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The Cultural Challenges of Doing Business Overseas

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The Cultural Challenges of Doing Business Overseas

The Cultural Challenges of Doing Business Overseas


Steve Kafka, an American of Czech origin and a franchiser of Chicago Style Pizza, has decided to expand his business and open a franchise in Prague, Czech Republic. Before venturing into the global business sector, Steve needs to conduct an in-depth analysis in order to become familiar with the Czech culture. This analysis will present opportunities and risks that Steve will need to achieve and overcome so his end-state goal of expanding his Chicago Style Pizza business can be realized. This paper will investigate and discuss the major cultural differences and incompatibilities between the United States and the Czech Republic defining the apparent risks, and how to mitigate those risks that may develop from these differences. Discussion will then turn to the comparative advantages within the Czech culture, how using Hofstede’s four primary business decisions will help Steve evaluate the business environment, how trade barriers may impact business, and analyze the demand for pizza and how to assess its cost structure.

Cultural and Economic Overview

Czech Republic

The cultural differences between the United States and Czech Republic stem from their unique historical evolution across centuries, from their geographical position, specific traditions, surrounding peoples and cultures, structure of population, and traditional and economic ties with other countries. Over the last 15 years, the Czech Republic has transitioned from a centralist socialist economy to a democratic capitalistic economy. In May 2004, the Czech Republic joined the European Union, which has allowed the Czech economy to obtain a larger market share resulting in greater monetary prosperity. A free market economy has helped the Czech Republic become one of the most prosperous countries to exit from the socialist regime (CountryWatch, 2008).

Situation Analysis

Differences and Incompatibilities Between the U.S. and Czech Cultures

The major challenge that Steve needs to overcome is learning how to adapt to the Czech culture effectively. Adapting to different cultures requires an understanding of cultural diversity, perceptions, stereotypes, and values (Hodgetts, Luthans & Doh, 2006). The culture in the Czech Republic emphasizes conformity and cooperation while the U.S. values freedom and independence as both individuals and a nation. To show respect people in the Czech Republic shake hands firmly and state the person’s last name. Czech people are persistent when stating opinions; they are very obedient and cooperative, value traditions and are disrespected if eye contact is not kept constant when spoken too. Americans generally use a firm grip and smile when conducting a handshake. American people are generally honest and straightforward, they are risk takers who value creation, entrepreneurship, and invention, and do not consider someone being disrespectful if eye contact is not maintained throughout a conversation.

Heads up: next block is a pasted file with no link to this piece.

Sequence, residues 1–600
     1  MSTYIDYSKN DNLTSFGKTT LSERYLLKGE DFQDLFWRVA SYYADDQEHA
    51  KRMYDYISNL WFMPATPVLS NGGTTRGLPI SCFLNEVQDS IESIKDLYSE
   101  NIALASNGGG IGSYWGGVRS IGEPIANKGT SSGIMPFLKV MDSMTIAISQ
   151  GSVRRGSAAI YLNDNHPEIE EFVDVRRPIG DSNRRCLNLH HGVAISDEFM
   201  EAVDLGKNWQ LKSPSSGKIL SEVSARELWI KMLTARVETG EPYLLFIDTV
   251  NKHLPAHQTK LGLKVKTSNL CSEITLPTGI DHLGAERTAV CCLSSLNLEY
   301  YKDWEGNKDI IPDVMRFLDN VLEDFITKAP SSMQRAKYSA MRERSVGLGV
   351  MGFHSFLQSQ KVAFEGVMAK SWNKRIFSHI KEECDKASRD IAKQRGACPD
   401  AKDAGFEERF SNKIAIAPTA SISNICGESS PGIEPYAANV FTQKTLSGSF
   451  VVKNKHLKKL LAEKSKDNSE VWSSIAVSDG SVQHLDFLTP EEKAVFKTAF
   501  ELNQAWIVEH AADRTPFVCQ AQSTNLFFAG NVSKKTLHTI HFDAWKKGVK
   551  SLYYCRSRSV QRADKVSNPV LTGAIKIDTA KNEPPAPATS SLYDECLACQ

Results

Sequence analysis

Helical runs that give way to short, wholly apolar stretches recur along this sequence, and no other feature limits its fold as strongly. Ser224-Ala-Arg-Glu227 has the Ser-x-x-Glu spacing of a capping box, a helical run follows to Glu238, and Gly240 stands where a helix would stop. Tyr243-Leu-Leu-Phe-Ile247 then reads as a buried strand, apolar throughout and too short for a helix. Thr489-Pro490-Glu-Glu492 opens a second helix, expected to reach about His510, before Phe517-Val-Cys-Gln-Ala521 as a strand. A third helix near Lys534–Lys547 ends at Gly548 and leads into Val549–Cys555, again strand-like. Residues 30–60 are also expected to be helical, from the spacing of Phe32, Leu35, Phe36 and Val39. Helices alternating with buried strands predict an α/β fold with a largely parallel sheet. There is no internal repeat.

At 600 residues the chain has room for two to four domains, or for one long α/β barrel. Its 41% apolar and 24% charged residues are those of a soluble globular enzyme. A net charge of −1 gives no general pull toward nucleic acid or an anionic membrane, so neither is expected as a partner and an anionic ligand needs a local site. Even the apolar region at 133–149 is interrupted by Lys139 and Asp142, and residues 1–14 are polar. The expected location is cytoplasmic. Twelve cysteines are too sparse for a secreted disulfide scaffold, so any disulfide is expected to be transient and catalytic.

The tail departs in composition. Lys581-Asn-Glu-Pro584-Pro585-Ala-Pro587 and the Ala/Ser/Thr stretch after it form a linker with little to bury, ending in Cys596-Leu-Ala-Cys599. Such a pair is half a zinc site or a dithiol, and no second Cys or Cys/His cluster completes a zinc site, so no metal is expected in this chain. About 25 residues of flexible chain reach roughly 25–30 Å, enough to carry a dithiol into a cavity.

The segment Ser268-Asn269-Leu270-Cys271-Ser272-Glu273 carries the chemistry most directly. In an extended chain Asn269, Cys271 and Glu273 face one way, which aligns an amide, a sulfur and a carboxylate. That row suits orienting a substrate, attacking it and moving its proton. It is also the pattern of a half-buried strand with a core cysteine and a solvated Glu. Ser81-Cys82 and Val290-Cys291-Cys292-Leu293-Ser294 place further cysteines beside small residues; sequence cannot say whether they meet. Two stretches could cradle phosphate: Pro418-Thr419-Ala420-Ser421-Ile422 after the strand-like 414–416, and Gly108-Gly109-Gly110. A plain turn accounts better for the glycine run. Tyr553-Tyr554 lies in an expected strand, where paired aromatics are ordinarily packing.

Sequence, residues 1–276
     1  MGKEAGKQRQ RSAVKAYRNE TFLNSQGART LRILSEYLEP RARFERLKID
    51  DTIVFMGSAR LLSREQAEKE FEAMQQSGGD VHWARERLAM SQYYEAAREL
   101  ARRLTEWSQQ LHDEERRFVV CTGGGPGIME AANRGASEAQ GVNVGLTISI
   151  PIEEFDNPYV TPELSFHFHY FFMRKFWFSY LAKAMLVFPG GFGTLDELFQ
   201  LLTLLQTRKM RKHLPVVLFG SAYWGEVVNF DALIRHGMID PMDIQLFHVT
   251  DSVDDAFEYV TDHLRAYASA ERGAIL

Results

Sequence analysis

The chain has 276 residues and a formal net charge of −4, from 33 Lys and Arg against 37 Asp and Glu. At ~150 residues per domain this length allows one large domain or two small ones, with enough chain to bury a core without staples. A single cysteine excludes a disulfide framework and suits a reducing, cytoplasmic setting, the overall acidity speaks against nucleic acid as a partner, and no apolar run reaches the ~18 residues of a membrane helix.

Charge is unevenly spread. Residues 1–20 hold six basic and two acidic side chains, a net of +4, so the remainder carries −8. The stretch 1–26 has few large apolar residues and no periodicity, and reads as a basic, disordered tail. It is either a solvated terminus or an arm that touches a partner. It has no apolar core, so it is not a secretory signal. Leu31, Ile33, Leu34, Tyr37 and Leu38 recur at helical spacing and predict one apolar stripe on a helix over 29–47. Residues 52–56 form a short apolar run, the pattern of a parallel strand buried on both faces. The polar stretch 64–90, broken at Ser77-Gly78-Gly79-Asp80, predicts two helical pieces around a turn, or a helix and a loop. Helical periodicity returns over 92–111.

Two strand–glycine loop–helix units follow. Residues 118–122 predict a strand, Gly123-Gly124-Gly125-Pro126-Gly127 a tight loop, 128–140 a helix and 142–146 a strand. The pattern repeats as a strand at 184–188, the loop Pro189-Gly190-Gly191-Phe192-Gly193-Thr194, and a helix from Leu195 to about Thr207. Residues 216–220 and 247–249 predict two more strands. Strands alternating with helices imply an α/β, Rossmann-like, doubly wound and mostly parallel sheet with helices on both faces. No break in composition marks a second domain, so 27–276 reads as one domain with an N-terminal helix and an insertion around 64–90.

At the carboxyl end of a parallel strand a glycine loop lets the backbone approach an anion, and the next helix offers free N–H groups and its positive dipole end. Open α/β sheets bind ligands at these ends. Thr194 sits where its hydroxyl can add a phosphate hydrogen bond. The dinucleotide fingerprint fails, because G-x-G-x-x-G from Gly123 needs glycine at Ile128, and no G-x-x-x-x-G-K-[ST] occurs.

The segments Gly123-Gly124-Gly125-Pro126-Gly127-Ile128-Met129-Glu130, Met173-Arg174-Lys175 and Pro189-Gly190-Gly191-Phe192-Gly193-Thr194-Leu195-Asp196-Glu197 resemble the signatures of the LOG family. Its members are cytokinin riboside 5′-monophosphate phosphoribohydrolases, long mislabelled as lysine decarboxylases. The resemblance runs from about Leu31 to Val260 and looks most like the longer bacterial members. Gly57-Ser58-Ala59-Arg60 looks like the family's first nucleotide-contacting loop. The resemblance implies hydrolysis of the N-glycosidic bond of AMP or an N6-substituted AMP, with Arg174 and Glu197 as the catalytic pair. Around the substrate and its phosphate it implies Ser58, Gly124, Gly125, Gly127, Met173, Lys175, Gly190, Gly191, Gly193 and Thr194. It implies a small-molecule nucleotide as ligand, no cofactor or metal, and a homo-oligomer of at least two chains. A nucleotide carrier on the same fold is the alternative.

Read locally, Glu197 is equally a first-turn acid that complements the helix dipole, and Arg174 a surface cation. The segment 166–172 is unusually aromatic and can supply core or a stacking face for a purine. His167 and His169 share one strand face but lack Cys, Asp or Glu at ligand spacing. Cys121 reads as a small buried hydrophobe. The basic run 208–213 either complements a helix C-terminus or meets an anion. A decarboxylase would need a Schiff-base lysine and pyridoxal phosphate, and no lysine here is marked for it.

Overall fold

Not knowing or understanding these differences between the cultures will create major risks for Steve’s business. The basic beliefs and behaviors of the workers could have an impact on the success of the business if not managed properly. Therefore, in order to mitigate these risks, Steve needs to seek advice and assistance from his friends and family who live in the Czech Republic to acquire knowledge on the general work experience, social behaviors, differences in technology, and business-government relations. This information will help Steve to understand the difference of opinions and values that will need to be used when managing his business. Therefore, understanding the culture and using his Czech cultural background to the best of his ability, Steve can mitigate these risks, and become a successful entrepreneur.

Comparative Advantages in the Czech Republic

Steve can benefit from several comparative advantages by opening a pizzeria in the Czech Republic. Compared with the U.S., the amount of capital needed to develop a business in the Czech Republic is relatively low. The Czech Republic located in the center of Europe offers an attractive environment for foreign investors by offering tax breaks to encourage the opening of new businesses in Prague. Low cost buildings, low wages for highly skilled labor, and access to the rest of the European Union market contribute to the attractiveness of this investment (CultureGrams, 2008). Steve also has an advantage because the U.S. dollar has a higher value than the Czech Koruny, which will help cover his expenses such as overhead cost and advertising needed to promote his business. Investing in a foreign market can

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